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Tags: BangaLore
April 17, 2009

BangaLore #19: Why did the Bangalorean cross the road?

by Sonalee Rau, Online Staff Writer
Beats me, but it probably took him half an hour to get to the other side.
Bangaloreans running evening errands attempt to make their way across a crowded road. Sonalee Rau
Bangaloreans running evening errands attempt to make their way across a crowded road.


I don't know if you've ever played the video game "Frogger," in which a frog has to hop across a road and avoid cars and trucks in order to reach a river which, after the frog traverses it, will lead it to its goal. Crossing the street in India is pretty much the same game, except it's real life. So instead of getting five lives or so, you get one. If you lose on your first try, it's game over, and you can't just restart your computer.

(To think that I once thought University Boulevard was the most congested road I would ever have to cross.)

That's what was running through my head yesterday as I attempted to cross the street. Streets in Bangalore are, by the way, too hardcore for traffic lights. So the cars, trucks, buses, rickshaws, motorcycles, mopeds, scooters, horse-drawn carriages and miscellaneous stray animals overlap lanes and crowd together, forming one amorphous blob, interlocking like the pieces of a jigsaw puzzle. The "traffic policeman" on the curbside will then blow his whistle halfheartedly, as if it will help restore order. ThinkFun Games should model their next game after the type of gridlock in this city. I can see it now - "Rush Hour: Bangalore Edition."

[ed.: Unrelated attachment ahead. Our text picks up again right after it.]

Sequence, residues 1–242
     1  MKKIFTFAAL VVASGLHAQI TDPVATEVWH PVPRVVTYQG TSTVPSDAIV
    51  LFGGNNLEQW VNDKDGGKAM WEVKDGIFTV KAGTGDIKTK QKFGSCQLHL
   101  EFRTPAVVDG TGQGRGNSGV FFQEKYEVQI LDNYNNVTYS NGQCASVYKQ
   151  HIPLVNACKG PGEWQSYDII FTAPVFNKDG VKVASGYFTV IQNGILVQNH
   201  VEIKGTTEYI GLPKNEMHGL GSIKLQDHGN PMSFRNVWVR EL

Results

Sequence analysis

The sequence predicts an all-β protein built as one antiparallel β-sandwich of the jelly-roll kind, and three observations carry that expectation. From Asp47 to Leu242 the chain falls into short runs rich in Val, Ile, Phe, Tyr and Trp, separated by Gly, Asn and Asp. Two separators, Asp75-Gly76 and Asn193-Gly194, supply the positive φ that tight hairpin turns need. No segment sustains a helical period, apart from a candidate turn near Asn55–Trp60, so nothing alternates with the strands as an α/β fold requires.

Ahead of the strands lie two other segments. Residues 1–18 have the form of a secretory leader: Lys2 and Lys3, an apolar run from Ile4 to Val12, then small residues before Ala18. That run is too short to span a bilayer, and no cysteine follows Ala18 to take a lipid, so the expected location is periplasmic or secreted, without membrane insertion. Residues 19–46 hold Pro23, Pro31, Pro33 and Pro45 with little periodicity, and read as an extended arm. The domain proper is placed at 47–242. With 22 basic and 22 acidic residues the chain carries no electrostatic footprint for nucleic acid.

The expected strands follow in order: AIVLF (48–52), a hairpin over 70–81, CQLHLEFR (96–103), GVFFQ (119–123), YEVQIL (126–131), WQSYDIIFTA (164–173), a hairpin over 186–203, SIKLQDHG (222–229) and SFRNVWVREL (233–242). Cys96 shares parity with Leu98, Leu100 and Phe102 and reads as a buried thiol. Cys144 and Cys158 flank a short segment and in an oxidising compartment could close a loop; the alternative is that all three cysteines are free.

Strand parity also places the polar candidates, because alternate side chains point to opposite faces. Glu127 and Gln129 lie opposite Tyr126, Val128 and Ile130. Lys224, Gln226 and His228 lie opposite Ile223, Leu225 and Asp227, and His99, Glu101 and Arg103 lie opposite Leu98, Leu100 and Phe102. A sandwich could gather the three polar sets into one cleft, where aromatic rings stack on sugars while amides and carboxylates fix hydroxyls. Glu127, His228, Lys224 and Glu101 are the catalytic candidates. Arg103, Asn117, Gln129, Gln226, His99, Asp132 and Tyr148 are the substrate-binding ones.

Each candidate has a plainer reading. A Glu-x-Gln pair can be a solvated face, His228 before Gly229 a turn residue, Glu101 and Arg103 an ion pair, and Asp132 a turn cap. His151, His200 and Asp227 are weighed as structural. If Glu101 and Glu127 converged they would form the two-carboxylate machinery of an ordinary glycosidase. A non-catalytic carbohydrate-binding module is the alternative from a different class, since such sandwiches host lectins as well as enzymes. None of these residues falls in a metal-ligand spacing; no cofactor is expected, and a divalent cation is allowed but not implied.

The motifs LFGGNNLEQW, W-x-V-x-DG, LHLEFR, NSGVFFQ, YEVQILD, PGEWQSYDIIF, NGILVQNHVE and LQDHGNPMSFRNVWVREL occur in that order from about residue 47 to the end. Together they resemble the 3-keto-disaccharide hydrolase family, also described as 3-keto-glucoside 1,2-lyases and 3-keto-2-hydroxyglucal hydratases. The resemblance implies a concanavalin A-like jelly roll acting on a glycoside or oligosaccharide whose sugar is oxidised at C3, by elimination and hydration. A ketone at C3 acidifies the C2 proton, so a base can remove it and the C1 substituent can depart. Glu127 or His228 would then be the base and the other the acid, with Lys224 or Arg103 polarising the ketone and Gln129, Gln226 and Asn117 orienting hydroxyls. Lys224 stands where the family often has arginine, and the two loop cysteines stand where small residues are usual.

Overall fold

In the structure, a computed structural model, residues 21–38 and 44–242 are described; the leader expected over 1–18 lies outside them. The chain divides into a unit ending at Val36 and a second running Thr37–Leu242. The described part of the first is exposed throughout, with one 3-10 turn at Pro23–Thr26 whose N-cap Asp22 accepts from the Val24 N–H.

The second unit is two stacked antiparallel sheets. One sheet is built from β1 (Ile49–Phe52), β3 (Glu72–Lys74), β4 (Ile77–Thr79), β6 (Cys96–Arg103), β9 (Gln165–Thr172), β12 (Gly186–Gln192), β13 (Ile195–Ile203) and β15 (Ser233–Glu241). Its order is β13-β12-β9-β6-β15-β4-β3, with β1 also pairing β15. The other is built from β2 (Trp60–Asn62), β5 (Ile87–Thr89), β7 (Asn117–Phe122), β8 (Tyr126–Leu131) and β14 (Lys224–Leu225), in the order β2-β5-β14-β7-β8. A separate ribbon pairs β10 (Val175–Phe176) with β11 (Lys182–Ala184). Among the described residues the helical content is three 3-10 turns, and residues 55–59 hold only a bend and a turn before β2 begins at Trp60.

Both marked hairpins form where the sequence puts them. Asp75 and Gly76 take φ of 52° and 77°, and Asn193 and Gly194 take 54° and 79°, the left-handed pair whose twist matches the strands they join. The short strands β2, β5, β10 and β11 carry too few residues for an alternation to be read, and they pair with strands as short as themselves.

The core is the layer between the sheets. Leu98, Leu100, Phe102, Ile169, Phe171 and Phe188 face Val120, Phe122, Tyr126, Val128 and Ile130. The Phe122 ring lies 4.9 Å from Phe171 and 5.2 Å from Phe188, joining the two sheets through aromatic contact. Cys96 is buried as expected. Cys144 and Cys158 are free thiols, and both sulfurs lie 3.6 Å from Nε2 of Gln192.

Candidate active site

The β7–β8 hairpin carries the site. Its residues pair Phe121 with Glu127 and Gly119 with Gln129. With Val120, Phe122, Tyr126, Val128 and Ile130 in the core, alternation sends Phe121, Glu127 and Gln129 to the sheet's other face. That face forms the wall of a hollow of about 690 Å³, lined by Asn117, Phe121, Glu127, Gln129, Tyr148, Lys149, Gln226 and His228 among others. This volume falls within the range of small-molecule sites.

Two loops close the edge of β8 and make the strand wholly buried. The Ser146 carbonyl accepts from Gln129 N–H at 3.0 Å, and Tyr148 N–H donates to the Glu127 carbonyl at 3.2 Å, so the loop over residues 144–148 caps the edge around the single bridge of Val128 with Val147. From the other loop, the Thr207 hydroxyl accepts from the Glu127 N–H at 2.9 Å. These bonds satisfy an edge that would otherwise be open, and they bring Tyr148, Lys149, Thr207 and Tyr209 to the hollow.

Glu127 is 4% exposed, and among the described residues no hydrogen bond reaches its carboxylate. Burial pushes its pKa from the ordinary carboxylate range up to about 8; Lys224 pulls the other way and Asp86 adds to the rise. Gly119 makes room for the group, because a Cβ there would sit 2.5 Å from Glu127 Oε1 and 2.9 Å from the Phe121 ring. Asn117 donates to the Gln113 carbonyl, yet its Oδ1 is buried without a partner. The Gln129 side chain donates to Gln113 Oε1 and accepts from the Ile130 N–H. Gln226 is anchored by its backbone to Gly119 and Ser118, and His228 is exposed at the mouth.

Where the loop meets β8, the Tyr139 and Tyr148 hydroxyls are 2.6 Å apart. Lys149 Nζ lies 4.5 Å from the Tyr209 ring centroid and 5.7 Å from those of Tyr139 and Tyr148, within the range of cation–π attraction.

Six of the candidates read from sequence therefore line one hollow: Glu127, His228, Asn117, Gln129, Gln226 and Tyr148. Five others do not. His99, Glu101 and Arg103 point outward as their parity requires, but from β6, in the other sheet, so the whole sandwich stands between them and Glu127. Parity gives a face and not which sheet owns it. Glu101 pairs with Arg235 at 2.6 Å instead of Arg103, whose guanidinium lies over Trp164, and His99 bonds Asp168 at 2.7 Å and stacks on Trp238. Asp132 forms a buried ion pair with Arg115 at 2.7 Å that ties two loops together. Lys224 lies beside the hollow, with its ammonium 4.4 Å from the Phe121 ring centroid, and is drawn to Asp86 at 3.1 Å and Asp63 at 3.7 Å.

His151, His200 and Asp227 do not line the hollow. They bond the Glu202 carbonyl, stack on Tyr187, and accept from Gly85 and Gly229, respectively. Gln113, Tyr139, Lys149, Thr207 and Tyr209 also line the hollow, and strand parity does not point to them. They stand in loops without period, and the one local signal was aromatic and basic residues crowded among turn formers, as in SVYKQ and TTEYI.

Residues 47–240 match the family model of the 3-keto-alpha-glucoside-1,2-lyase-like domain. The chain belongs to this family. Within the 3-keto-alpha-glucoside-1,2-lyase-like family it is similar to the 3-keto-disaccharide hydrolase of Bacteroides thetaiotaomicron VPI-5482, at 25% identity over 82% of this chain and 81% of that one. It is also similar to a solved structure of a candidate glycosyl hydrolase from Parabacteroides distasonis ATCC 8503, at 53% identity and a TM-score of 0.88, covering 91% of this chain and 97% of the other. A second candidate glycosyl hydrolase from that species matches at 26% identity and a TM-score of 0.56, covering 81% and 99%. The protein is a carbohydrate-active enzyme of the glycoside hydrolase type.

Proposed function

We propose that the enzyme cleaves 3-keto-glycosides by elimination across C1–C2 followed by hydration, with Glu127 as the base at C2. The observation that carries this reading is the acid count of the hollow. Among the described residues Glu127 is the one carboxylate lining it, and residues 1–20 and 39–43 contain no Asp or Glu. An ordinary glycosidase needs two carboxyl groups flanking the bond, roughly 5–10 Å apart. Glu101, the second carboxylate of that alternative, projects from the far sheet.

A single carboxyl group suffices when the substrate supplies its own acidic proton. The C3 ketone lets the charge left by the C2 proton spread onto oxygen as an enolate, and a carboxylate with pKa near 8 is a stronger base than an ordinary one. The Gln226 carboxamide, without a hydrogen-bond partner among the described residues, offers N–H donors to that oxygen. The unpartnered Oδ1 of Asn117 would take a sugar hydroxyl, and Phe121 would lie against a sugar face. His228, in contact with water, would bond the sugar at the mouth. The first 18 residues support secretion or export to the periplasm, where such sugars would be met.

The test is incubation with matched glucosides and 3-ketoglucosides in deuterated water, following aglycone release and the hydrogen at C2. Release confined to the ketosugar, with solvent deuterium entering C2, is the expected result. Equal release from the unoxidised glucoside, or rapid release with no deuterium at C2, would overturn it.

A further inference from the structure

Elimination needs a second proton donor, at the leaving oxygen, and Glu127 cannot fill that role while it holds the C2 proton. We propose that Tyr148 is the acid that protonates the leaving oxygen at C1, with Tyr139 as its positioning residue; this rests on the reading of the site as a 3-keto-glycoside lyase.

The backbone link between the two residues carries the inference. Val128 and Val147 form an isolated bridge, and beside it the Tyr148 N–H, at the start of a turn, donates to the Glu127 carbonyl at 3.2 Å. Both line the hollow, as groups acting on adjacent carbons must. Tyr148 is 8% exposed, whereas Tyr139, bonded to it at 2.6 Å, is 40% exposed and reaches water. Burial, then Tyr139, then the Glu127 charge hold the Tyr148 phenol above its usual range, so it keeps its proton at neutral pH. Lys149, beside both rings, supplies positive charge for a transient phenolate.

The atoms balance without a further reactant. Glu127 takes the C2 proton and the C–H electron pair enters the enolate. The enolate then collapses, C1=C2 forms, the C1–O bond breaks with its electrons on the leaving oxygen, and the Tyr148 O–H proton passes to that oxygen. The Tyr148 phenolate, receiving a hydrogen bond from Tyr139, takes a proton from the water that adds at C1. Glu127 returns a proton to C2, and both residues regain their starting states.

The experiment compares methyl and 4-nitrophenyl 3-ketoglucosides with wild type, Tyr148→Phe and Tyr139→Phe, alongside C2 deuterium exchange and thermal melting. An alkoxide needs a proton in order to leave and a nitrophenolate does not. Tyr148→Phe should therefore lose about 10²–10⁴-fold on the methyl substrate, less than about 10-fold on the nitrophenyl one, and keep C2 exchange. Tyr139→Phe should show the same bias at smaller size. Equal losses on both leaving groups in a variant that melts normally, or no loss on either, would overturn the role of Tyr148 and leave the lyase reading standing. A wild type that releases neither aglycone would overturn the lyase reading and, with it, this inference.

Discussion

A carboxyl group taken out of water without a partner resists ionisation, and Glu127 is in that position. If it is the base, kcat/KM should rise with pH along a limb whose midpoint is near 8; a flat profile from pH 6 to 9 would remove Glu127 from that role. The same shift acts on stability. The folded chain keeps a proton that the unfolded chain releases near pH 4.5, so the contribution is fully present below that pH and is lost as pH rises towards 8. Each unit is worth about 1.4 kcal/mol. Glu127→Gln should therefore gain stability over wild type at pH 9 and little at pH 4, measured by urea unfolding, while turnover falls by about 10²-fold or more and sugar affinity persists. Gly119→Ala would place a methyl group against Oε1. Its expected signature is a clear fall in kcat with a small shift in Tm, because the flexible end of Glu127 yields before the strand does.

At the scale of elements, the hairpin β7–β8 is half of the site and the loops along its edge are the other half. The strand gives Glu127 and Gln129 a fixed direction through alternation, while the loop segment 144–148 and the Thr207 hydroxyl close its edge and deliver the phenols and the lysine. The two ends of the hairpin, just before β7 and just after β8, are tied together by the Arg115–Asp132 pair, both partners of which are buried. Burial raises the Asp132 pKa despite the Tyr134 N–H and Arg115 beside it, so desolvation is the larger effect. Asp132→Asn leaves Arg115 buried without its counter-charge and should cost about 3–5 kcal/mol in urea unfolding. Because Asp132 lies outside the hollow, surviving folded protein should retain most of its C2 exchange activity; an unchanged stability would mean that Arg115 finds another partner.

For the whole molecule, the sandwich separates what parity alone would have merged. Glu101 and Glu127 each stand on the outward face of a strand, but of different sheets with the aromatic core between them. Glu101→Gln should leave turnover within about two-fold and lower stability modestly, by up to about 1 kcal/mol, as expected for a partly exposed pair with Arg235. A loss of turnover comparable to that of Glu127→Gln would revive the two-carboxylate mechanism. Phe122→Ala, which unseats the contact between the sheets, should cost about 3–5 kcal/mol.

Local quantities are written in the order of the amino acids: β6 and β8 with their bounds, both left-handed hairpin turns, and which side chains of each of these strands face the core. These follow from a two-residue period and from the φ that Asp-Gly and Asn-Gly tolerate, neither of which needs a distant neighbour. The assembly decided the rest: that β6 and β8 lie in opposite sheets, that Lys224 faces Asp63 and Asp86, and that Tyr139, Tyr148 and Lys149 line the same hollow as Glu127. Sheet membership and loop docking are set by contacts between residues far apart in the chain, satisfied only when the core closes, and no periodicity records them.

Where are pedestrians left in all of this? Well, on the side of the road. As you stand there watching and waiting for your turn to walk, a passing bus will inevitably spurt a blast of hot exhaust into your face, blinding you and forcing you to wait for another five minutes. Once you reach the lane divider in the middle of the street, you have to climb over it; for some reason, it's several feet high, like an Olympic hurdle. (Actually, why isn't crossing Bangalorean streets an Olympic event?)

I'm not hyperbolizing. And to those who are skeptical, I can offer no better analogy than this: crossing a street in Bangalore makes navigating your way out of the SAC between 5A and 5B lunch look like a cakewalk.



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  • NK (View Email) on April 17, 2009 at 4:26 PM
    I don't know about Bangalore, but when I was in Kolkata (formerly Calcutta, in West Bengal, India), the streets are too "hardcore" for lane divisions, or sometimes even for a center line of any sort. (Whenever there is a physical center divider, someone has almost always bent a hole into it for climbing through, as a public service.) Vehicles follow along no regular paths, swerving all over the place, and the motorcycles are even worse than they are here. When you're driving, you're expected to honk if you want to be noticed by vehicles larger than your own. No, really: all of the trucks have signs saying "Awaz karo" on the back, phoneticized Bengali literally meaning "Make noise." The complete lack of any order on the streets combined with continuous honking from all sides makes it just as harrowing an experience to be riding in a car as trying to dodge through them.

    Oh, and by the way, nice blog!
  • i know what ur saying on April 18, 2009 at 12:21 AM
    it takes some serious skill to get to the other side of a road in india...and its prty much impossible to get across w/out getting honked at like 5 times
  • hahaaaa on April 19, 2009 at 10:32 AM
    SONAAA you're hilarious
  • Tasnia on April 19, 2009 at 5:47 PM
    Only Sonalee could make a blog about crossing the street so interesting, funny, witty, and amazing.

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